- Talk about the blessings you see each day. It’s so easy to focus on the negative aspects of our days instead of the mercies and possibilities that come with each new morning. There are so many beautiful and wonderful blessings that we can call out to keep a more consistent focus on gratitude during this time. Take every opportunity to steer your conversations with your kids toward hope. Make sure they know what a blessing they are to you, and encourage them to be a blessing to others.
If you need support and community as you navigate this new season of doing school at home with your children, be sure to check out Erin’s video series, The Heroic Homeschooler.
Erin Weidemann is the founder of Truth Becomes Her, a brand that equips moms and women with resources to help them step into their unique leadership roles. A sought-after education consultant, certified teacher, coach, and nationally-recognized speaker, Erin’s personal mission is to shift the conversation around feminine values from being beauty-driven, to a focus on inherent worth. An on-air personality for Air1 Radio, Erin delivers “59 Seconds of Hope” daily as well as hosts the Heroes for Her Podcast where she interviews positive female role models who are living out their passions in-line with their personal values.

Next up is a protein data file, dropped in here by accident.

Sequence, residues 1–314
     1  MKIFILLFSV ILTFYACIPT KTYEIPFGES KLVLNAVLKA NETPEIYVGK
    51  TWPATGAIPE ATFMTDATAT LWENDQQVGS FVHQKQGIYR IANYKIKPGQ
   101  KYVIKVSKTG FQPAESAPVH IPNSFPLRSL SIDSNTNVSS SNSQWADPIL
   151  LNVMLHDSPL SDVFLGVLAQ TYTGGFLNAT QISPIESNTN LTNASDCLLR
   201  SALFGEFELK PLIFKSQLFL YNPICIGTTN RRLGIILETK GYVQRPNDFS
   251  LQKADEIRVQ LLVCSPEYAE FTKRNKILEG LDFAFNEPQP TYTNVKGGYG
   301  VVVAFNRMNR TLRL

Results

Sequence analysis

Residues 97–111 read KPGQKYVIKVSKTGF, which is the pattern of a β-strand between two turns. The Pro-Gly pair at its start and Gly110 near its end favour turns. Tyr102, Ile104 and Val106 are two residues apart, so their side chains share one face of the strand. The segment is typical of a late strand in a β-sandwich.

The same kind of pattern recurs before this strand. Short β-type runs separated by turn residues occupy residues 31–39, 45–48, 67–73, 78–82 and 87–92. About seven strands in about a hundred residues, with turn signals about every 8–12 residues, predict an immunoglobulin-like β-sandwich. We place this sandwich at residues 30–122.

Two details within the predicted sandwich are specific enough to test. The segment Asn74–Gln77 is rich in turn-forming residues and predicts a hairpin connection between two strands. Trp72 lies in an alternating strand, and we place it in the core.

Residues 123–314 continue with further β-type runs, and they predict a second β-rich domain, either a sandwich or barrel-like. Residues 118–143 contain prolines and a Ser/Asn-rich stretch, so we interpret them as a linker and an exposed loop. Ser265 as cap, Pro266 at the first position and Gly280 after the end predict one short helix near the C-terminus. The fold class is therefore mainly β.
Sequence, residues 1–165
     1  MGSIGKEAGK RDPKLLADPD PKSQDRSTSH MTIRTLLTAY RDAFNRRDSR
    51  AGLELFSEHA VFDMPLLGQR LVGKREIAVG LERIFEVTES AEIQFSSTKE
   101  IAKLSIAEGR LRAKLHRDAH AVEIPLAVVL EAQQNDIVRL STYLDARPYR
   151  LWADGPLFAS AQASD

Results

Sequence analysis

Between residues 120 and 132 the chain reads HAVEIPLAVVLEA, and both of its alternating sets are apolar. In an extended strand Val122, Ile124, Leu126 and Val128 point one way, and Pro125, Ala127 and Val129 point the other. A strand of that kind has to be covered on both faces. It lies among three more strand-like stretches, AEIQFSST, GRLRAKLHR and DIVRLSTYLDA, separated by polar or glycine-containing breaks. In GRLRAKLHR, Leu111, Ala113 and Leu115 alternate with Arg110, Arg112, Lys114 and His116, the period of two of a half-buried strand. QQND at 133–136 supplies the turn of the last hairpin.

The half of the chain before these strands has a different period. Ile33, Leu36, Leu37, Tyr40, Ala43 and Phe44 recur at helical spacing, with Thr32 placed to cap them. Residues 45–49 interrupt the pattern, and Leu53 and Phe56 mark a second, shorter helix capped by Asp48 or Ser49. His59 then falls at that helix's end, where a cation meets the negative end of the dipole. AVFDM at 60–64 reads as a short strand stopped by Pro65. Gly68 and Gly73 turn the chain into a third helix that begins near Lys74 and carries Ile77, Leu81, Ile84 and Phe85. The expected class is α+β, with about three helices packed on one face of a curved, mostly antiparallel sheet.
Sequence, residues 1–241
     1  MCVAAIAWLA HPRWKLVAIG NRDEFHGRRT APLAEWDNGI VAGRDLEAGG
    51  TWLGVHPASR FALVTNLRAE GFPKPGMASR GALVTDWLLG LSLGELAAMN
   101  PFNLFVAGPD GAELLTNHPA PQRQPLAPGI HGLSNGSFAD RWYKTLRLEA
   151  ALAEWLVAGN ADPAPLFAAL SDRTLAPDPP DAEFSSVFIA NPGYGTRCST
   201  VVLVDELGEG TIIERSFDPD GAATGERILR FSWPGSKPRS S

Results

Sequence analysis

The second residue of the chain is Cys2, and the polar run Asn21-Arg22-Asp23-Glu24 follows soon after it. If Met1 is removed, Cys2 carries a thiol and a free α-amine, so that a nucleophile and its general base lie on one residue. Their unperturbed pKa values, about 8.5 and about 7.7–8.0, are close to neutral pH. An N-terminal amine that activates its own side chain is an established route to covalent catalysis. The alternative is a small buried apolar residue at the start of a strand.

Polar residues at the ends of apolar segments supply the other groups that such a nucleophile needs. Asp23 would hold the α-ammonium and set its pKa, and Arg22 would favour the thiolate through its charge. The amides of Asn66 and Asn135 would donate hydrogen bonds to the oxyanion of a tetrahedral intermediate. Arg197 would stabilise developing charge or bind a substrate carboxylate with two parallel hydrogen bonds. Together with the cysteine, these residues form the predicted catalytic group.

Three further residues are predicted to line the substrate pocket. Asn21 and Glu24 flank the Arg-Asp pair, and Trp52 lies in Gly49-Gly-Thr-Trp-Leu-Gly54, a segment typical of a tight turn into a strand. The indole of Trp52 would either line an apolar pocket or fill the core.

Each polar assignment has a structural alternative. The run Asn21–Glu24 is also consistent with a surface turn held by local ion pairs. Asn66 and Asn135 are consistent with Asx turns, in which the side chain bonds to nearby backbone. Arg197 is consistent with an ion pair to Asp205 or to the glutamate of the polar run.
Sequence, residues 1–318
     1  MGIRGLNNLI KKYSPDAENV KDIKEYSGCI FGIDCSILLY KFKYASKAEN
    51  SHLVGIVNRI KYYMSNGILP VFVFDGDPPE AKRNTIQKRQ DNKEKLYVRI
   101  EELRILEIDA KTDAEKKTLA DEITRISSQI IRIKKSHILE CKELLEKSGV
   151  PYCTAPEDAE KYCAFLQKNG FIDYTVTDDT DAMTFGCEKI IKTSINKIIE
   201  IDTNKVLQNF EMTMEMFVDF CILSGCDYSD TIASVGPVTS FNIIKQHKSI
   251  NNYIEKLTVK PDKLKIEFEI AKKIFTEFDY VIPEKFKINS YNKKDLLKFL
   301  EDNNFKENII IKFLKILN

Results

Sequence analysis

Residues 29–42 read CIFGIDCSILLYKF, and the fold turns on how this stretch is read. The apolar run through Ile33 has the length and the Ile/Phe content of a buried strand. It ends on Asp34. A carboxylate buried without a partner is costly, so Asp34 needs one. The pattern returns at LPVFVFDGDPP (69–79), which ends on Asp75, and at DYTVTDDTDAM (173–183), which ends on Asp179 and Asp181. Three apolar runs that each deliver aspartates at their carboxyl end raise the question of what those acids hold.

Follow Erin Weidemann on Instagram: @erin.weidemann and Facebook: @ErinWeidemannOfficial